Content Warning

Greetings and Salutations.
Because my stories have bite, they can contain content that isn't suitable for work or children. Not a lot of truly graphic sex or violence, but there are some questionable or heated posts. F-bombs are not uncommon, so watch your footing.

Friday, January 11, 2019

#FridayFlash - Rehoming

"Welcome to Hope Ranch," I said, opening the gate wide enough for the women in their car. It seemed they heard me; they offered larges smiles as they drove through.

I closed the gate while they parked, though I wasn't worried about any of my animal wards escaping. Even mere potential familiars were aware the ranch was a sanctuary and willingly stayed on my property.

A dozen animals waited on the porch; cats and dogs lined up beside a raccoon and a fox, all calm, patiently waiting for me to join the two women exiting the small car. The younger woman, Katerina, stared at the animals, but the older woman stared at me with knowing eyes. Stared through me.

They were clearly related, though Katerina was taller by at least a foot. She appeared to be in her mid 40s, old enough to be my mom, and her companion was much older, though still spry. Katerina's hair was a glossy black in a braid, the older woman snowy white in a tight bun. Dark eyes and straight noses concluded their matching features, and I guessed they shared Rom blood.

What could they possibly want with me?

"Your home is more beautiful than I thought, Celeste," Katerina said, finally turning from the line on the porch. I had just enough empathic senses to know she was surprised and impressed, but I sensed nothing deeper. I was much better at understanding animals, even mundane ones.

I held out my hand to shake when I got close enough. "Thank you. And thank you for your interest in my animal rescue. You're the first to respond to my posting." Not that I was trying hard to be noticed. A normal person didn't have what it took to care for the special animals I protected.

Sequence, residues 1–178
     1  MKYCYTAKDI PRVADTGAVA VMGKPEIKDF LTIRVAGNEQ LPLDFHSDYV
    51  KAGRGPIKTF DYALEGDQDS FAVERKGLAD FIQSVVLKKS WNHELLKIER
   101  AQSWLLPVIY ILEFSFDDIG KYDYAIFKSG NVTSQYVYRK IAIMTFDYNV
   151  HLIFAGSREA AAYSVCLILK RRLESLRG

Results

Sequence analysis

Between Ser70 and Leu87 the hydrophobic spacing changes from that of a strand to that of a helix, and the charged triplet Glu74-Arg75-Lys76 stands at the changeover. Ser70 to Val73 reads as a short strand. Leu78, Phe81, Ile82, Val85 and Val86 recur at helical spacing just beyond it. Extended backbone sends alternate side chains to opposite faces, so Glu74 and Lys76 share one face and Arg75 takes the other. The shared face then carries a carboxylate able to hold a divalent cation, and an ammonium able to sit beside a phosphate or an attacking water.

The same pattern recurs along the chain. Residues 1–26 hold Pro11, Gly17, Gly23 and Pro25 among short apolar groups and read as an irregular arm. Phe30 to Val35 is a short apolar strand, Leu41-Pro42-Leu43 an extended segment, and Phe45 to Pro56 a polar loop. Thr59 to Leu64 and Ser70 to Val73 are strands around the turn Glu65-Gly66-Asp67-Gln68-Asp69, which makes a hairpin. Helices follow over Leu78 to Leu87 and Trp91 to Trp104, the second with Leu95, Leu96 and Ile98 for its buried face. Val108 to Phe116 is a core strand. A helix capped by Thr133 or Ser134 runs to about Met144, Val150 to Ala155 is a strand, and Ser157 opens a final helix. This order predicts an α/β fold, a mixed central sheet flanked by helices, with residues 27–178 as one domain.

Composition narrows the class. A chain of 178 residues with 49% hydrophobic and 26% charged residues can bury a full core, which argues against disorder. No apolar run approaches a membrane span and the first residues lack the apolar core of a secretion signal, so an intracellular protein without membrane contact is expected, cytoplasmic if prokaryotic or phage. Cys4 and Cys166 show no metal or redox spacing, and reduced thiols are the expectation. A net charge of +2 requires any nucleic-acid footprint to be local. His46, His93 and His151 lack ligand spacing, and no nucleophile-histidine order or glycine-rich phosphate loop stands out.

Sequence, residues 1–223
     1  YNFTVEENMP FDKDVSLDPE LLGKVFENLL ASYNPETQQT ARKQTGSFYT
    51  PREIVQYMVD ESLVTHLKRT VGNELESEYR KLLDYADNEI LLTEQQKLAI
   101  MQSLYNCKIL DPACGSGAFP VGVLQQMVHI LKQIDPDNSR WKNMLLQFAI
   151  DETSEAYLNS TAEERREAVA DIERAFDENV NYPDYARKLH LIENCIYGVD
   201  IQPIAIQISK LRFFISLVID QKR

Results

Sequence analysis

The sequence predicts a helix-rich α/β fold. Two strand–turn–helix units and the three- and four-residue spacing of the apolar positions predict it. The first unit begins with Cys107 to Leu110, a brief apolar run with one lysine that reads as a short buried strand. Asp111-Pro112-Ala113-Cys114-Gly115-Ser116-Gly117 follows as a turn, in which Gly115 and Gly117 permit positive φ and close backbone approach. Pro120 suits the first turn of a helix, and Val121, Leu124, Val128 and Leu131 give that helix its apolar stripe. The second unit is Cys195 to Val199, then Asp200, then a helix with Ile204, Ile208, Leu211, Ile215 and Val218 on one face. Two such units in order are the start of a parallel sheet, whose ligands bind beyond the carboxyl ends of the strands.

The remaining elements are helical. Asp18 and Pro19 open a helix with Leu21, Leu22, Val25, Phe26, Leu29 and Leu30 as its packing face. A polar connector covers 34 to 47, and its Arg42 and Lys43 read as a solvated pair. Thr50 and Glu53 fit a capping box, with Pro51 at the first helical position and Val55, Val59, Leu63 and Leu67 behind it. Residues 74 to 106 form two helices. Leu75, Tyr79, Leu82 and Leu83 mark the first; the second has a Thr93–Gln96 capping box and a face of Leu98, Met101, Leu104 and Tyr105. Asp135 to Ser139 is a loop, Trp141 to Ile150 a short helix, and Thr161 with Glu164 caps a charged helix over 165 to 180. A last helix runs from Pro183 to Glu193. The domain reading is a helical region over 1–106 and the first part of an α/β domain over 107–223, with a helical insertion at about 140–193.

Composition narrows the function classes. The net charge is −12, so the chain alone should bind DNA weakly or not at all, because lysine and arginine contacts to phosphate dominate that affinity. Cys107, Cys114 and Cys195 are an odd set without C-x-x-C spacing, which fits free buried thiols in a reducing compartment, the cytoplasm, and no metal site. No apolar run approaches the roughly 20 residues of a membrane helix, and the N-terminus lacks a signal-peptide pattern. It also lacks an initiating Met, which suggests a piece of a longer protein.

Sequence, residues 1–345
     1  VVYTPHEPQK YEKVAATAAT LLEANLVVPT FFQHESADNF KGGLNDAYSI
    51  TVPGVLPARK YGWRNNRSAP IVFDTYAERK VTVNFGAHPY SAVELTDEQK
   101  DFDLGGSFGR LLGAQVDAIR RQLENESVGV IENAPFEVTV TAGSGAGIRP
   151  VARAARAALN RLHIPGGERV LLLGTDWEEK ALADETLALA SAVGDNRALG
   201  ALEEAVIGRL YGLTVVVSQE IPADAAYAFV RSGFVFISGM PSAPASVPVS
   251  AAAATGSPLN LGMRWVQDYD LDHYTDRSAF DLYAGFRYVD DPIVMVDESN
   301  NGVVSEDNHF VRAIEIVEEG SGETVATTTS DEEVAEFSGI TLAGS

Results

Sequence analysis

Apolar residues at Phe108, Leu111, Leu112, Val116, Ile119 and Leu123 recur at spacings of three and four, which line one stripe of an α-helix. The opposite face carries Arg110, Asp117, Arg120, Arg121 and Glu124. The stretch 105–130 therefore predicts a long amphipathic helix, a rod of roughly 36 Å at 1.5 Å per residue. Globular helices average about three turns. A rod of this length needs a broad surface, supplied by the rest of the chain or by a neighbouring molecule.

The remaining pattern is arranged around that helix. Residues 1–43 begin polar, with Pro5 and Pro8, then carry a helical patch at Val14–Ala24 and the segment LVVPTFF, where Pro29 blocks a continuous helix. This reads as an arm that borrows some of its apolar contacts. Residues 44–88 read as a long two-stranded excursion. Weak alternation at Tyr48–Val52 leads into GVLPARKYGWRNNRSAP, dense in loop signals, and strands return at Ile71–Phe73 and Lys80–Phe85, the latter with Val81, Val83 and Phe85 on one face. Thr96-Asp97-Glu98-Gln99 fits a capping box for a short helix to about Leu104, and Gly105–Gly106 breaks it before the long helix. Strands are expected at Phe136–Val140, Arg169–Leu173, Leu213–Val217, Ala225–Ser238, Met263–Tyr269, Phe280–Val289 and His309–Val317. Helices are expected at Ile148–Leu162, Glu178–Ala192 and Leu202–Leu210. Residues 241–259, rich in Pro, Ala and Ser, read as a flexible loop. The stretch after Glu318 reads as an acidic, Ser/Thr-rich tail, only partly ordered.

The older woman joined us, her eyes narrowed. "You don't have to hide. We know what you do."

She meant it, and not just that I rehomed animals like an ordinary no-kill shelter. She understood that I was a sensitive, not exactly a witch or psychic, but a little bit of all of that. With enough power to take care of sensitive animals, provide them enough of a connection to make up for the bond they lacked. Familiars that had lost their master, or been replaced, or that merely had the potential but had yet to find a master.

"You're email said you wanted to help," I said, my gaze moving between them. No need to continue my sales pitch or pretend they were just normal investors for a mundane sanctuary. The animals on the porch broke formation, some of them joining us. "What would you like to do?"

The raccoon sniffed at Katerina's ankles, and she knelt to pet it. "Gramma Ethelinda saw your post, and she said she hadn't known there were so many lost ones." The raccoon leaned into her touch, chittering with joy. "She told me to email you."

I looked at the older woman; three of the cats circled her ankles. Her need to know my past was nearly palpable, an urging through all my extra senses to understand why I'd started Hope Ranch.

"There are too many abused and abandoned animals in this world. Not enough love for the innocent creatures, though there's plenty to go around. I started rescuing the neediest from animal shelters, trying to get them good forever homes if I could.

"But then I realized some animals were special, different, just like some people. Like you and me. Familiars, lost, confused, feeling the pain of abandonment stronger because they were touched and aware.

"I couldn't leave them to suffer, so I started focusing on them. It breaks my heart to have to pick and choose, but there's only so much I can do." Tears welled, and a Labrador leaned against my leg to comfort me.

Ethelinda took my hands, smiling softly. "You continue to find these lost little ones, we will find them new homes." She pulled me down to kiss my cheeks, and my heart lightened.

One person could make a difference.